But if you use Twitter and follow more than a couple hundred accounts, I would suggest using TweetDeck. With this, you can filter into whatever categories that you prefer: fashion, sports, entertainment, comedians, food and so on and so forth.

Information overload

Even though I think I’m pretty caught up with new technology and I use a lot of it, I can feel very overwhelmed with all the information. With that, there is no excuse to be behind on the times. You can be that person that’s talking about Spotify a few months after it became cool or you can talk about what program your using instead of Spotify because it’s better (damn hipsters!). Pick a couple of tech blogs or websites and keep up. There is the ever popular Engadget and Mashable or the one I read, the Verge. There are no excuses!

So once you’ve figured all that out, organize your own personal feeds. We’ve talked about Twitter and using things like TweetDeck to filter your timeline. But what about your email? And calender? This is why I love Google. I can sync EVERYTHING. My calnder, my email, my documents or… all of this:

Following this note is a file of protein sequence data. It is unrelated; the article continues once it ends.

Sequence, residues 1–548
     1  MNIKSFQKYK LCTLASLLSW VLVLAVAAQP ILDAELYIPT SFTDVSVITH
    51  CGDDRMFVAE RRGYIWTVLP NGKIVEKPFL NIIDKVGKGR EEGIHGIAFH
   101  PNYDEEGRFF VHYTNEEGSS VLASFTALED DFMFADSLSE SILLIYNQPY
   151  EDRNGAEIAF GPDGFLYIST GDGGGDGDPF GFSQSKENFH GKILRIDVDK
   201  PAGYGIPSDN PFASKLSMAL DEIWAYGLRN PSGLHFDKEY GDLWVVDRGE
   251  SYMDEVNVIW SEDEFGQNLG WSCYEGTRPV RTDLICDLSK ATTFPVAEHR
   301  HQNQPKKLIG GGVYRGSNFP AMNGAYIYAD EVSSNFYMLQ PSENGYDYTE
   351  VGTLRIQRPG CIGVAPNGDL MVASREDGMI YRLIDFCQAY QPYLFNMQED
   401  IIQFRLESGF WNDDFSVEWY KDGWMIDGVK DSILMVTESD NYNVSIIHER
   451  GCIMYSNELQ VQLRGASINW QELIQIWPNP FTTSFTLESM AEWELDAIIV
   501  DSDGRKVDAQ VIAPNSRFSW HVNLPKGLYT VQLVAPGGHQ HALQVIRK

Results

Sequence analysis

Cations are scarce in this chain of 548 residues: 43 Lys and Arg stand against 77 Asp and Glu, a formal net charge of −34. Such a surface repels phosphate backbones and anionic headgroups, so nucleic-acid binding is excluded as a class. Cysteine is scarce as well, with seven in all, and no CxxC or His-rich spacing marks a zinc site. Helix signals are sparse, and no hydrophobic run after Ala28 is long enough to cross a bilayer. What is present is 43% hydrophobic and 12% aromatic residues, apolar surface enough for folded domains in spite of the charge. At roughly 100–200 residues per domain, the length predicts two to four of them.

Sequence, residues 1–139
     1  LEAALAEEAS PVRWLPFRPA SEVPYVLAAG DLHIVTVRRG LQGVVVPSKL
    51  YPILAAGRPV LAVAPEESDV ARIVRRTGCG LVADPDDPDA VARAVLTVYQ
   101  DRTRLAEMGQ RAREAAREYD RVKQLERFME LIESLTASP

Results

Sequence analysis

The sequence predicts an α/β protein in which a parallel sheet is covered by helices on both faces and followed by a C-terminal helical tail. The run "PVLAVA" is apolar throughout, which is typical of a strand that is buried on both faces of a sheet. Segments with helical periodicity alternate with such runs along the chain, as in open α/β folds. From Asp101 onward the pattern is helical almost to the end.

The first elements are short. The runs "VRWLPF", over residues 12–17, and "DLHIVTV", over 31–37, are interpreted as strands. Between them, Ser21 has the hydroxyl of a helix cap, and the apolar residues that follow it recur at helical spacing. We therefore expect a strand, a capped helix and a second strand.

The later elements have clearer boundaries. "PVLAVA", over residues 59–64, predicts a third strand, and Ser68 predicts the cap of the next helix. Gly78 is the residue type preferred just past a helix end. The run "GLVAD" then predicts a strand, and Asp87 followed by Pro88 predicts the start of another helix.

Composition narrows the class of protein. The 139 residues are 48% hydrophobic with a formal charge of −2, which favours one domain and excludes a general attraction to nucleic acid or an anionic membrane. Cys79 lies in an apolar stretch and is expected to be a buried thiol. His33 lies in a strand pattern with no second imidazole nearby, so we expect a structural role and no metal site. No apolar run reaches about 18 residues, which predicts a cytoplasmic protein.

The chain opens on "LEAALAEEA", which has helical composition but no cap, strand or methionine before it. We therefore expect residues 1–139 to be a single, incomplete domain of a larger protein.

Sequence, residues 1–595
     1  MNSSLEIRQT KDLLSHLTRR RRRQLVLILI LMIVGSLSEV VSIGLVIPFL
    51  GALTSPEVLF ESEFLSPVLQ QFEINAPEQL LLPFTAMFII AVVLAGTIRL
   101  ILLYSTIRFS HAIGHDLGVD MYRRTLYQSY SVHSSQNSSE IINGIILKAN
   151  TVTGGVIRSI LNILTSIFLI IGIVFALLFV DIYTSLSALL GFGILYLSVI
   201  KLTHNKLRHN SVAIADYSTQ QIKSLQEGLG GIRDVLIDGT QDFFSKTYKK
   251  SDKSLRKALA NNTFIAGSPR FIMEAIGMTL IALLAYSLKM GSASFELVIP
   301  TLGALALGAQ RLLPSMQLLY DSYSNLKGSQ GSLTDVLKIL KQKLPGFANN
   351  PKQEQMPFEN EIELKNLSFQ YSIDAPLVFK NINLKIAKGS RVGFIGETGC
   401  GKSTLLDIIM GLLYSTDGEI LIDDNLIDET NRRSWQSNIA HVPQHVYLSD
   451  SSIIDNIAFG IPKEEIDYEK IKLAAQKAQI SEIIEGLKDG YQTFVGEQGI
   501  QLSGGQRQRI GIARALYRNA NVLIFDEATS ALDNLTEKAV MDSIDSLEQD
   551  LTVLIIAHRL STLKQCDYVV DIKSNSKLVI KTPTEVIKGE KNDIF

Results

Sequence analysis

There is actually more but I will spare you that screenshot.

The point is that there are a number of tools to keep your organized. The RSS Feed is also a great tool if you feel overwhelmed by the all the blogs and/or websites you visit. Scroll through it, see what you like, what you don’t and choose what to read.

There is a lot to take in but these days but there are solutions to filter it all out and there really is no excuse to not keep up.

For every article written online, chances are there is an accompanying video. Time and time again we are told that to be a journalist, you need to be able to cross-platform including being able to produce and create videos. In chapter eight, Briggs gives a numbers of great tips and tools to help even the most novice of movie-makers and shakers a great way to start.

With a little Google search, I found this great site that breaks down a lot of the basics in short parts, great for a beginner.